March 21, 88

Vol. 03 , No. 07   


Bring your favorite word and join us at a delectable dejeuner-an hour of delicious intellectual discussion. No sign up required.

Soviet Reforms: Technological Change on Soviet Society

In recent years General Secretary Gorbachev of the Soviet Union has instituted several reforms within Soviet society. Soviet scholar Vitalina Koval addresses the impacts of these reforms and the effects of technological change on Soviet society in a presentation scheduled for Wednesday, March 23, at the Athenaeum. The talk follows a 5:30 p.m. reception and dinner, and begins at 7:00 p.m.

Dr. Koval, whose visit is being sponsored in part by the Keck Center, graduated from Moscow University in 1953. Currently Koval acts as senior researcher for the Institute of the International Labor Movement at the Academy of Sciences in the Soviet Union. She is a specialist on the American labor movement.

Koval, who was born at Syzran, Kubyshevskaya Oblast, U.S.S.R., also frequently lectures on economics, women's role in Soviet society, and Soviet education.

Journey into the Whirlwind

0n Thursday evening, March 24, at 7:00 p.m., Amnesty International of The Claremont Colleges, in cooperation with the Athenaeum, presents Journey into the Whirlwind (1983), a one-woman dramatic monologue adapted and performed by Rebecca Schull. The performance is based on the memoirs of Eugenia Ginzburg, Russian history teacher and poet who served 18 years slave labor under Stalin's regime for the nonviolent expression of her beliefs. In this riveting production Schull becomes Eugenia Ginzburg, offering a powerful depiction of this woman's personal struggle for freedom. This will be the only time Journey into the Whirlwind will be performed in Claremont, and it will be free of charge students, faculty, staff, and members of the community.

A veteran of stage, screen, and television, Rebecca Schull has performed her play on two continents. Mark your calendars now, plan on attending this very special evening at McKenna Auditorium, and join us at the Athenaeum after the performance for coffee with Ms. Schull.

Philosophy for Everyone
MONDAY, MARCH 28, 1988 12:30 p.m.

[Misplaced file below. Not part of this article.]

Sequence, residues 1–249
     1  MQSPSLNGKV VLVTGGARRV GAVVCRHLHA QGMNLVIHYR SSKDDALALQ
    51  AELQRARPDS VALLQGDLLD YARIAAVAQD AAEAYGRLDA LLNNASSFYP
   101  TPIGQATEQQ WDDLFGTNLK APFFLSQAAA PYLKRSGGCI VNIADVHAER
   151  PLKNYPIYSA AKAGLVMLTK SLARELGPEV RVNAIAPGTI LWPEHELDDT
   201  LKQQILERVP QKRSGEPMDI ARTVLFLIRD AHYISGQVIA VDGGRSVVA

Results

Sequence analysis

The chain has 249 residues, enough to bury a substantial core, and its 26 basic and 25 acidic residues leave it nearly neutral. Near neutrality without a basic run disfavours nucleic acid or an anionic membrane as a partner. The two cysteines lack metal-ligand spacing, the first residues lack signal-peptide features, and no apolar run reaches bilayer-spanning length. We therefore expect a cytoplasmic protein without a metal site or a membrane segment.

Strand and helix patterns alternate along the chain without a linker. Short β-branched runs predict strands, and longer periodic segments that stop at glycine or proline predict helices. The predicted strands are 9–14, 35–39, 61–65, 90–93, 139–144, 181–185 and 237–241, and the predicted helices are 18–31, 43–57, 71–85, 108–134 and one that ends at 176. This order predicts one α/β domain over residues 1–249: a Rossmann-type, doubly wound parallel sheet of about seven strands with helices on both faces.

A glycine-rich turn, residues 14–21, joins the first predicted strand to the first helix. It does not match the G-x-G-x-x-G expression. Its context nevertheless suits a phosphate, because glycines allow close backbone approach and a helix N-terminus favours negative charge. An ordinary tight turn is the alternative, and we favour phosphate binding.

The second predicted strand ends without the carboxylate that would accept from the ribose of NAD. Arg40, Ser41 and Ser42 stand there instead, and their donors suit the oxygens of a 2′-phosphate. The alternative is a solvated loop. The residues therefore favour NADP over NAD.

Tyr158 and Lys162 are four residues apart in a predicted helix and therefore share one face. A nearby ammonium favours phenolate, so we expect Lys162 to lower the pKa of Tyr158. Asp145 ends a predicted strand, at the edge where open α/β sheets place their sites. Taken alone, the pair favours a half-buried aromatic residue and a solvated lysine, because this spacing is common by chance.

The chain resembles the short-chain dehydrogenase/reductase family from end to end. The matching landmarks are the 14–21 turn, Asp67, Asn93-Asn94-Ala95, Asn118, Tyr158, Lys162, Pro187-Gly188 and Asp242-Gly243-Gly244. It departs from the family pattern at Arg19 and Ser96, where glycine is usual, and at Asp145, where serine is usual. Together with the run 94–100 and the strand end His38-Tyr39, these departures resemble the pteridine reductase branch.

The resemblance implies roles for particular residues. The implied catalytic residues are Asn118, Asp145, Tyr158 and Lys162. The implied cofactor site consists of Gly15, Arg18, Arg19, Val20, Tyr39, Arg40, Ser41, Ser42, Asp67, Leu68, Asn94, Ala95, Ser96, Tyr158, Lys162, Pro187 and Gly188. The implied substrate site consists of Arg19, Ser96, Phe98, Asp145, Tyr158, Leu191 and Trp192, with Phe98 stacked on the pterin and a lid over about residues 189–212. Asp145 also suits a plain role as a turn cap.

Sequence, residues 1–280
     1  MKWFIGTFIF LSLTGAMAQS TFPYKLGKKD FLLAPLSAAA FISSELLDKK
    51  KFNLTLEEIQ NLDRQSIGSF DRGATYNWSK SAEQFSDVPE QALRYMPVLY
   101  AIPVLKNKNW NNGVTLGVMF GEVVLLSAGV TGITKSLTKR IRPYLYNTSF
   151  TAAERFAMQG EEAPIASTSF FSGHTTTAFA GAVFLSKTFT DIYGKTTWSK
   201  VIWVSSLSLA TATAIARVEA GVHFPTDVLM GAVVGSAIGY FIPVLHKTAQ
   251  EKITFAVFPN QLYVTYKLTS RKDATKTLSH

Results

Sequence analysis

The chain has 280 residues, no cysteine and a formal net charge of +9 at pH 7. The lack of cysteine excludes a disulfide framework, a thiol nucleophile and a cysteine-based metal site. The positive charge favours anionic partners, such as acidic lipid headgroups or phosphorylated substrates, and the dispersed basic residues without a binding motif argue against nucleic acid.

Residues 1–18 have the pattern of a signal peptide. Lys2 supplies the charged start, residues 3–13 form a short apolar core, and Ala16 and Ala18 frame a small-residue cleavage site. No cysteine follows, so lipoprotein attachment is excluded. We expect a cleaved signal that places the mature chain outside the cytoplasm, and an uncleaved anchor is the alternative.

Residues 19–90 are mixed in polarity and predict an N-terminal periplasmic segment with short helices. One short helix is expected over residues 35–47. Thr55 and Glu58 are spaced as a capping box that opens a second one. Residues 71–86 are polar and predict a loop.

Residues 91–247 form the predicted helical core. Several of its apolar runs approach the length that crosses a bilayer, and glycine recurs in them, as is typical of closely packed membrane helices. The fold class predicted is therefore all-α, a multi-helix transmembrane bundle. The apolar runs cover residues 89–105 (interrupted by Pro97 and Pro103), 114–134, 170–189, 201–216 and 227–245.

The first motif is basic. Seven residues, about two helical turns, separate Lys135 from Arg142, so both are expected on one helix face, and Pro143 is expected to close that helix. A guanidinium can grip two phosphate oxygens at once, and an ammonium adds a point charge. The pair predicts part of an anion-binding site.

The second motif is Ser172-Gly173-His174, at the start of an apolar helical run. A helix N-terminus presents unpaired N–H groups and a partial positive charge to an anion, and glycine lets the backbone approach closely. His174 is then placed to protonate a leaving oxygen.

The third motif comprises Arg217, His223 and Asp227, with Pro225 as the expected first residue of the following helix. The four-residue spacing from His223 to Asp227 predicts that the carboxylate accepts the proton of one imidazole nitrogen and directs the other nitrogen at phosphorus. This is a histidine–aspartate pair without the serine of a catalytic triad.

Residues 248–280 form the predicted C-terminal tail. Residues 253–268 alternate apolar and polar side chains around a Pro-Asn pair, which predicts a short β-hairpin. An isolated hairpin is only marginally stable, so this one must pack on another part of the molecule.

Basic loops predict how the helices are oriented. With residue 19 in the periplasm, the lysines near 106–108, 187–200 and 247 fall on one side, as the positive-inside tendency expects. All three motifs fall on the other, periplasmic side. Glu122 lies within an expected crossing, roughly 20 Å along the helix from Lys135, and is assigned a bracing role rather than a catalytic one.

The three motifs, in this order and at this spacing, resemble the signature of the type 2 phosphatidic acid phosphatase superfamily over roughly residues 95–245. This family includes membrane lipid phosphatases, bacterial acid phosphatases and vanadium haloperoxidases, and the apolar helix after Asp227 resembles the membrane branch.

We Hold These Truths: Understanding the Ideas and Ideals of the Constitution
MONDAY, MARCH 28, 1988

Concluding the Athenaeum's Constitution series on Monday, March 28, is Dr. Mortimer Adler, American philosopher and author of We Hold These Truths: Understanding the Ideas and Ideals of the Constitution (1987). Time magazine once praised Adler's ability to explain even the most difficult of concepts by calling him "a philosopher for everyman."

In We Hold These Truths, Adler discusses the principles of human equality, inalienable rights, civil rights, the pursuit of happiness, and the consent and dissent of the governed, especially as these ideas provide the foundation for the Constitution's preamble.

Adler's talk follows a 5:30 p.m. reception and dinner, and begins at 7:00 p.m.

Dr. Adler will also be the guest speaker at an Athenaeum lunch on March 28. His topic then will be "Philosophy for Everyone." Please use the coupon to sign up for this event.

The Rage Against Reason

As a follow-up to Allan Bloom's address on education in America, philosophy professor Richard Bernstein visits the Athenaeum on Tuesday, March 29, to speak on "The Rage Against Reason." Bernstein received his M.A. and Ph.D. in philosophy from Yale University, and is currently a visiting professor at Frankfurt University. He addressed the current issue 25 years ago in "Undergraduate Education Today: Philosophy," an article he published in the Yale Alumni Magazine in January 1963. This event is co-sponsored by the CMC Philosophy Club. Please sign up for the 5:30 p.m. reception and dinner.